|One of many tiny coffee drive thrus around town.|
|Had to show you the size of the mosquitoes here...OMG!|
|An antique piano...still works|
|There were several original|
'Wasilla' buildings on the museum
property. Only the schoolhouse was
available to walk though...waiting on
budget for security cameras for the others
|Notice the tiny individual chalkboards|
|Check out the message on the board...LOL|
|A young woman at the museum makes|
each one of these scarves by hand...no 2
are alike. They are worn around the necks
of the stuffed animals for sale.
|Replica of the tents used during the Gold Rush|
|Sample of vintage wares|
|Cut away of the mining tunnels|
|One of the mines|
|Mural at the museum|
|This was soooo awesome!|
I am standing at the base of the
stairs. The appearance of a
continuation into the tunnel is
a "3-D" painting on the wall.
It was such a weird sensation when standing at the top of the steps!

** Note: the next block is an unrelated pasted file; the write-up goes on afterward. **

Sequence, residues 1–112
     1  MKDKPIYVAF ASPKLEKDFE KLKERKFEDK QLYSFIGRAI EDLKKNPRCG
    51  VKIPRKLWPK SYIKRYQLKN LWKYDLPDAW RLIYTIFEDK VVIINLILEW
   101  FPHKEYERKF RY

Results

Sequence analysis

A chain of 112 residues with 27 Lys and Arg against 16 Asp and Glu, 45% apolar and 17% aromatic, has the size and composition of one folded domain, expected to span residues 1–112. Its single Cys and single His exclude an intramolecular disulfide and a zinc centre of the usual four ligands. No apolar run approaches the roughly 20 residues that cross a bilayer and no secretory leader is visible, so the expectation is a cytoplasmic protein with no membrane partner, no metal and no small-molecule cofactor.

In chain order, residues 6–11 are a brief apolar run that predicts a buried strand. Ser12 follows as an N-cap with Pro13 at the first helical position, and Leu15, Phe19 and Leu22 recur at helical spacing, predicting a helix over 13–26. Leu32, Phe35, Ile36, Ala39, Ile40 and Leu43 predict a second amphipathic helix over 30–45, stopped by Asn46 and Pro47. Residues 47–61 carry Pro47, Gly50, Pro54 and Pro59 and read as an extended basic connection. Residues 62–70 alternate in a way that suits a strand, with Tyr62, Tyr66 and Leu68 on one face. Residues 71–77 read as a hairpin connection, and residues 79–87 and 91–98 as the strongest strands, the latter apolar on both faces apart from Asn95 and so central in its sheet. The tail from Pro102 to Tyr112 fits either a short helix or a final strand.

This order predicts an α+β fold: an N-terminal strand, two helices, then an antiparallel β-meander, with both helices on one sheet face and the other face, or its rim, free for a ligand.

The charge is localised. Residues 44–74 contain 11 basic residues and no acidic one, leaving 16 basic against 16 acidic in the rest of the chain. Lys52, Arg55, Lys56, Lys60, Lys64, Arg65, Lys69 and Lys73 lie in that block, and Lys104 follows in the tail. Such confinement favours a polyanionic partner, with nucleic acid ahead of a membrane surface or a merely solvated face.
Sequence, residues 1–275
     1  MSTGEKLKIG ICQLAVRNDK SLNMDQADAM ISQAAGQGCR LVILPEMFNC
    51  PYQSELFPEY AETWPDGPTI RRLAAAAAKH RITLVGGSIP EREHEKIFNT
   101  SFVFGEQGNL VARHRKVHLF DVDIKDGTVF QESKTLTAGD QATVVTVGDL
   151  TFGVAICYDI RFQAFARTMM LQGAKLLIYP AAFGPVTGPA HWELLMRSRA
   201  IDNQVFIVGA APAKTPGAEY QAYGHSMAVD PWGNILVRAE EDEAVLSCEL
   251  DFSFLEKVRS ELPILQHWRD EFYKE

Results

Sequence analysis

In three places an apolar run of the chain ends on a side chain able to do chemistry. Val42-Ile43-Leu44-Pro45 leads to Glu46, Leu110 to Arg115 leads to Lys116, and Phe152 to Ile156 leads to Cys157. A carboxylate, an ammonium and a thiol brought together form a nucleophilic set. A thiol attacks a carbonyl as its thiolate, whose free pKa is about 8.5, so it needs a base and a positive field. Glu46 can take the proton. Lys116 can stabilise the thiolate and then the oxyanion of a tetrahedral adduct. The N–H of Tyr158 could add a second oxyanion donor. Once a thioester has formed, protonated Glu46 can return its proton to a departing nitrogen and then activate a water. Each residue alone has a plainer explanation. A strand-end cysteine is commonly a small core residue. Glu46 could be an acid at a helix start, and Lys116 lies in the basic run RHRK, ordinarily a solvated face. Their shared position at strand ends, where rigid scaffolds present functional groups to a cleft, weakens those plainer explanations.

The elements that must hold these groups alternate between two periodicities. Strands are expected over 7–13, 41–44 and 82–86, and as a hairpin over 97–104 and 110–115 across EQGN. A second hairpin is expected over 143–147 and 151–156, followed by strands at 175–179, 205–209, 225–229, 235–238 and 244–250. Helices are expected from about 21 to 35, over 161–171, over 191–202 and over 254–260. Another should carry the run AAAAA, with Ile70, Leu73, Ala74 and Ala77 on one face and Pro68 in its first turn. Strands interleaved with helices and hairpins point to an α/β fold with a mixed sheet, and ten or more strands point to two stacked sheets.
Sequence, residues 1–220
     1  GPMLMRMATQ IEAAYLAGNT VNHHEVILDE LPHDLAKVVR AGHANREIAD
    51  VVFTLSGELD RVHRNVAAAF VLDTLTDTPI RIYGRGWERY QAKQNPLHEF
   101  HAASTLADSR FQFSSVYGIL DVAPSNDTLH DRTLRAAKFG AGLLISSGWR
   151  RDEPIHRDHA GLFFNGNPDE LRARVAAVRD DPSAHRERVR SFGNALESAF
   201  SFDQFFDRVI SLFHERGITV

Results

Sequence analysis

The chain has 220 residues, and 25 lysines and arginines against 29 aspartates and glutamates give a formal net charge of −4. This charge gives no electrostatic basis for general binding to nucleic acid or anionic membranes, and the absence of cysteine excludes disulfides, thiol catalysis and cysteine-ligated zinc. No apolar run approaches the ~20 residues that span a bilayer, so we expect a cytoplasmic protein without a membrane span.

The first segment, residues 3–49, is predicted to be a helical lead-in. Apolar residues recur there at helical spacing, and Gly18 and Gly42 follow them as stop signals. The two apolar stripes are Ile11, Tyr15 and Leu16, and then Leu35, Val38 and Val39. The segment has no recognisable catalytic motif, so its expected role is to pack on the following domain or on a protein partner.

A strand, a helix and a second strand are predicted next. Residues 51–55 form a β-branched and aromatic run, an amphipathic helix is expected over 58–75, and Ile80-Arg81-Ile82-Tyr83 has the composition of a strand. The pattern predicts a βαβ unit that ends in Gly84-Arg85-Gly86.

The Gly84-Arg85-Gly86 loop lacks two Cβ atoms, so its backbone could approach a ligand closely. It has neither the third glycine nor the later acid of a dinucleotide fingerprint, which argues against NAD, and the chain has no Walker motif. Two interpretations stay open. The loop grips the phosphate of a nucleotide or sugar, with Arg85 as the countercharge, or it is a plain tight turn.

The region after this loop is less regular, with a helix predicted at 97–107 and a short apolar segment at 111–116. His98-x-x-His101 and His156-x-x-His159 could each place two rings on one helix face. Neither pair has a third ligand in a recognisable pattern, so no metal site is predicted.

Back to Dorothy Page. She is considered the "Mother of the Iditarod." In 1966 she held an office that afforded her the task of planning an event to commemorate the 100th anniversary of Alaska being purchased from Russia. She decided to organize a "spectacular dog race to wake Alaskans up to what mushers and their dogs had done for Alaska." With the support of Joe Redington, Sr., in February 1967, an all-star field of 58 mushers competed in the 50 mile Iditarod Trail Seppala Memorial Race which was run in two 25 mile heats. Afterwards, the public lost interest for awhile. Redington; however, was not deterred in attempting to keep the dream of a 1,000 mile race from Anchorage to Nome along the Iditarod Trail alive. So, in 1973, after much second guessing, the race took place. Now, 43 years after that initial 50 mile centennial race, the Iditarod has become Alaska's greatest sporting event known around the world as "The Last Great Race on Earth."
In addition to her role in founding the Iditarod Race, Page helped form the Iditarod Trail Committee and the Musher's Hall of Fame and was very active in several other areas.
I don't often do much history telling here, but I am quite taken by the history of Alaska and the sheer pride, loyalty and respect that I've seen in her residents. This story is but the tip of the iceberg of reasons to be in awe of those folks who risked life and limb to build this land into the thriving place that it is.
|Now look at the improved time as the years|
|Check out the number of days and hours|
the race took at the beginning.